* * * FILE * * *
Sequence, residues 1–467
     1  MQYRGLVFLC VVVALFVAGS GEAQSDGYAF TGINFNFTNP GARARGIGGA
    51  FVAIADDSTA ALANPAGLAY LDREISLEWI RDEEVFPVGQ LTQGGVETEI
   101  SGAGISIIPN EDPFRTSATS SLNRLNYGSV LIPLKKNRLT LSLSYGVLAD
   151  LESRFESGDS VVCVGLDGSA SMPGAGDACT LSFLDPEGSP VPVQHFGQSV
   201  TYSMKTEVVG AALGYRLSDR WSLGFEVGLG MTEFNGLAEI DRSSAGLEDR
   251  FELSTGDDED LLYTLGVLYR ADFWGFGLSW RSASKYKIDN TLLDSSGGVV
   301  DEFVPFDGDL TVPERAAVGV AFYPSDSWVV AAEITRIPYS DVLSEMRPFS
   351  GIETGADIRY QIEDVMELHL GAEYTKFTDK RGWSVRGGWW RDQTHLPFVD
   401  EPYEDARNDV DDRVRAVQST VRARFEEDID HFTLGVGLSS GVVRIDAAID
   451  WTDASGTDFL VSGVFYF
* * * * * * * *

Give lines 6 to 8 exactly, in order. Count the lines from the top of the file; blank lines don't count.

   201  TYSMKTEVVG AALGYRLSDR WSLGFEVGLG MTEFNGLAEI DRSSAGLEDR
   251  FELSTGDDED LLYTLGVLYR ADFWGFGLSW RSASKYKIDN TLLDSSGGVV
   301  DEFVPFDGDL TVPERAAVGV AFYPSDSWVV AAEITRIPYS DVLSEMRPFS